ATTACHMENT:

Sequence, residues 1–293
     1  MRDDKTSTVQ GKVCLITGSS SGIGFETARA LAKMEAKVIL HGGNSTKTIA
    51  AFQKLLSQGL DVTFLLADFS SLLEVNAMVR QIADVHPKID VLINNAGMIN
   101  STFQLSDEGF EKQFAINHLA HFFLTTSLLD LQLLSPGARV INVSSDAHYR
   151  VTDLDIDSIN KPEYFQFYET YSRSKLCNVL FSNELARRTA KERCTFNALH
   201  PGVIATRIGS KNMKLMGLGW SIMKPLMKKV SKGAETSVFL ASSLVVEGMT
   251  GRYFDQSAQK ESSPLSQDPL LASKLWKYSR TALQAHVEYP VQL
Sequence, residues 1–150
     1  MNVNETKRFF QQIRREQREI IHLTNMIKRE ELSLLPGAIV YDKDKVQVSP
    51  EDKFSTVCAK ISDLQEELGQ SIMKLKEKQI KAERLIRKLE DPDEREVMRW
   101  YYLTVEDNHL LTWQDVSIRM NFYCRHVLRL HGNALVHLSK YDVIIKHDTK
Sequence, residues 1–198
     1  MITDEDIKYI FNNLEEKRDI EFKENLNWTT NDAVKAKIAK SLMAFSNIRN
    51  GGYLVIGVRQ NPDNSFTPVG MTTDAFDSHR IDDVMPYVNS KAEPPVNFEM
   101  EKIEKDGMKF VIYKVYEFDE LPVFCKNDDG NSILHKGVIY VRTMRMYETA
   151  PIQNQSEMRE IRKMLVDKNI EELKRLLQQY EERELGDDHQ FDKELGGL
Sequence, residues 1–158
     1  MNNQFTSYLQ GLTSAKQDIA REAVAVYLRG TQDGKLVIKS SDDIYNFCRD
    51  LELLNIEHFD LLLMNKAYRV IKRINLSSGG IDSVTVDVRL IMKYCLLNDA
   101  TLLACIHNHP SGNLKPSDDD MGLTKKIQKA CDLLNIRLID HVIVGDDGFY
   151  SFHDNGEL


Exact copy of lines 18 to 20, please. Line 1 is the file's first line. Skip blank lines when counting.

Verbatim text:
     1  MNNQFTSYLQ GLTSAKQDIA REAVAVYLRG TQDGKLVIKS SDDIYNFCRD
    51  LELLNIEHFD LLLMNKAYRV IKRINLSSGG IDSVTVDVRL IMKYCLLNDA
   101  TLLACIHNHP SGNLKPSDDD MGLTKKIQKA CDLLNIRLID HVIVGDDGFY